The Student Newspaper of Mississippi State University

The Reflector

The Student Newspaper of Mississippi State University

The Reflector

The Student Newspaper of Mississippi State University

The Reflector

America: are we still living in the dark ages?

Jenn McFadden | The Reflector
Dark Ages

Have you realized the narrative modern culture likes to spin? There’s an undercurrent to our culture that somehow or other, through science and technology, humans have discovered the deepest truths of reality, have become masters of the universe and now live in a brilliant enlightened age. 

This would be in comparison to the so-called “dark ages,” wherein humans were not particularly interested in learning and growth; that social systems remained rather fixed and oppressive; that life was on the whole quite miserable. 

This description also seems to fit the modern ages pretty well.  Currently, we call it the “Modern Era,” but I predict that historians of the future will call this era the “Slightly Brighter, but Still Pretty Dark Ages.” 

Here are a few reasons why modern society, and particularly America, is still mired in darkness:

According to Market Watch, we spend twice as much money on entertainment than personal education. According to the Center for Stray Pet Advocacy, we have near-universal support of a system that treats cattle, poultry and pigs in ways that would be classified as a felony if applied to horses, cats, or dogs. 

We prefer to let potato chip bags sit in landfills than to put up with the loud noises of  compostable packaging. 

We maintain continued fixation on social status, as seen in our tendency to keep up (ahem) with celebrities.

We will more likely spend $5 on a milkshake than to give towards efforts to supply villages with clean water.

I do not mean to put myself on a pedestal here. I drive an SUV. I eat meat from factory farms. I rarely give to charity.I am not trying to shame anyone either.  We are, as we should be, free to make our own choices in life.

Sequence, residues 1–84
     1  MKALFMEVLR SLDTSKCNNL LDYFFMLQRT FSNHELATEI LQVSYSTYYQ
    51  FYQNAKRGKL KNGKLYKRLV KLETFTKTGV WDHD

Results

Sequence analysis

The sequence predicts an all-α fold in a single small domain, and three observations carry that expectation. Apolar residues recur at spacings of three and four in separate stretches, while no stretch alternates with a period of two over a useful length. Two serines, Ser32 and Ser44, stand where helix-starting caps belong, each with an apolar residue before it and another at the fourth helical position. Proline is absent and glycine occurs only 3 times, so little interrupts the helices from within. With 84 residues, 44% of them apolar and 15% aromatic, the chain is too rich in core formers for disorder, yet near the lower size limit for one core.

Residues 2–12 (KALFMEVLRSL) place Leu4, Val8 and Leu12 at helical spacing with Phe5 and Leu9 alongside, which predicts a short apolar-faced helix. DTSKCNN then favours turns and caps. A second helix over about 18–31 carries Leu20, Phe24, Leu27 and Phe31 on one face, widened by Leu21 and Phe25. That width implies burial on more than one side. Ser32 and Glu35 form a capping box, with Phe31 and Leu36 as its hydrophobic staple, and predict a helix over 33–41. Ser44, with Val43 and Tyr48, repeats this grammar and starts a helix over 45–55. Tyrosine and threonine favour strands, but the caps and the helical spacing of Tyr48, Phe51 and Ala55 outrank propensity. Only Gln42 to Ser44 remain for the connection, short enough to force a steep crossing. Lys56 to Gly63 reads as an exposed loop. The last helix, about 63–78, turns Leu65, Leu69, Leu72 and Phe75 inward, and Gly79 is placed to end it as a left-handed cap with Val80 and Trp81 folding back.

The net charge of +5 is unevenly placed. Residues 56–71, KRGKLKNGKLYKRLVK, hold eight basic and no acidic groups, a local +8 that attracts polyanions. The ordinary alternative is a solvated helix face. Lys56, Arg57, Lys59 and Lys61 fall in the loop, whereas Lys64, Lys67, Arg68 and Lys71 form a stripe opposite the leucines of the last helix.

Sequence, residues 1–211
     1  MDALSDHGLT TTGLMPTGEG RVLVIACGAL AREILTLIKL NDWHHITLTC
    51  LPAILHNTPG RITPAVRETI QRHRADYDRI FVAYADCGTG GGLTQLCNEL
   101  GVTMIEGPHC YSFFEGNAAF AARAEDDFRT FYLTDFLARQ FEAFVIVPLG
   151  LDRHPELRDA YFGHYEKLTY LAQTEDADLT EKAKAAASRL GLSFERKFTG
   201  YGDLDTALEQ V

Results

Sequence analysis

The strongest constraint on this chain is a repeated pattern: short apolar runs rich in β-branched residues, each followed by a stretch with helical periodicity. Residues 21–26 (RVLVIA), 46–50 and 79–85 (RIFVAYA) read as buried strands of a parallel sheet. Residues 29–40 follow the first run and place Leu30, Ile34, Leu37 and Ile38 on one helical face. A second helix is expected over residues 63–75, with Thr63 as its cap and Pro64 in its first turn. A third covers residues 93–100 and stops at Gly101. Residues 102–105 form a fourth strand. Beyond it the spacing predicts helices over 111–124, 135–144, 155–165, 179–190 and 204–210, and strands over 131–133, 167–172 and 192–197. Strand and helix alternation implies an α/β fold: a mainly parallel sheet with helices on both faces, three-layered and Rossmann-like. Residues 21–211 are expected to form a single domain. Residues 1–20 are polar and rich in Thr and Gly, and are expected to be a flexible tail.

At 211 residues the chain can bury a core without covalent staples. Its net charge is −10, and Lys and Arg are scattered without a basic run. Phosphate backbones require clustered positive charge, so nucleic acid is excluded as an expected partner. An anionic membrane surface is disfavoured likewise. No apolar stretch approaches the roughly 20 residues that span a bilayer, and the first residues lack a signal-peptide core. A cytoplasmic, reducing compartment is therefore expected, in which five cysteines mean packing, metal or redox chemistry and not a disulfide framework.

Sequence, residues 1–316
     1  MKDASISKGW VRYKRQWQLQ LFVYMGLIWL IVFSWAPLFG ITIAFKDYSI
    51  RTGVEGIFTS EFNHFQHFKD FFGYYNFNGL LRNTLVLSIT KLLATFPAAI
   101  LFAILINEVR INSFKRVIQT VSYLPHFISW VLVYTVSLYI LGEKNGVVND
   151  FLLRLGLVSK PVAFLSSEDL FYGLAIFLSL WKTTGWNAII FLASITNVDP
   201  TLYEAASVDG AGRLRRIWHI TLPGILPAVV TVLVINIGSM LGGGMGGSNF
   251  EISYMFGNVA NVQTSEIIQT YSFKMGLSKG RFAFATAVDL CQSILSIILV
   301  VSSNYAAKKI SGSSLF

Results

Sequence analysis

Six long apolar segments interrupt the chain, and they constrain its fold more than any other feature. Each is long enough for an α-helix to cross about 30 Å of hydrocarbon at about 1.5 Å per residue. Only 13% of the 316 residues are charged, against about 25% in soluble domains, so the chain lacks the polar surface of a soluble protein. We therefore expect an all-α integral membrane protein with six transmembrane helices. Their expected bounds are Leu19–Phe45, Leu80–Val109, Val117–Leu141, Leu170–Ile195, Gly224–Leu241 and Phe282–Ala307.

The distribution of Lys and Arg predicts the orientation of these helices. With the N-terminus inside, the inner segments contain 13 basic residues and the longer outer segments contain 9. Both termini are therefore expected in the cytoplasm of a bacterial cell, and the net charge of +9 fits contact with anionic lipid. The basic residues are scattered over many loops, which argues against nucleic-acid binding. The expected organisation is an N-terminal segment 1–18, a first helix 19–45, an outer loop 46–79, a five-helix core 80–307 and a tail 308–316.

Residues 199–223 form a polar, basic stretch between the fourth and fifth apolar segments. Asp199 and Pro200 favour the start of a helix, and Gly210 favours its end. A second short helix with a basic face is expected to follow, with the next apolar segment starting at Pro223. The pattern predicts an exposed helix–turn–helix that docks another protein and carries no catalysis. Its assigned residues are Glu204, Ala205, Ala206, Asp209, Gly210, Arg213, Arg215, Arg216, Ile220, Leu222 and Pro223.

However, it does not take a scientist to realize that this lifestyle of ours—of endless commuting, smoking cigarettes at bars and watching Netflix alone in bed—does not actually make a human being very happy.  I mean, I hardly need to point to the skyrocketing suicide rate that The New York Times recently reported.

My purpose with this article is to highlight a fact: our seemingly innocent daily routines and preferences often have long-term consequences and create a lot of suffering in the world.

If we become aware of the ramifications of our behaviors, we will naturally tend to want to quit the things that hurt others and that don’t make ourselves happy anyway. At the same time, we want to increase the activities that help others and  ourselves. 

The day-to-day values of most Americans—of comfort, security, social status and entertainment—pale in comparison to the values of a truly enlightened society: truth, beauty, service, creativity and love. 

We have all experienced these higher values in little doses. But to imagine a society that embodies these on a daily basis—well, on one hand, it’s hard to do. On the other hand, it is ridiculously inspiring.

I hope this article rings some bells. I hope you’re looking around and realizing just how destructive the game that society is playing. 

However, furthermore, that many of your own daily habits are part and parcel of this materialistic mess. Maybe this society could be even better. We can all do something about it. And it starts with us.


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America: are we still living in the dark ages?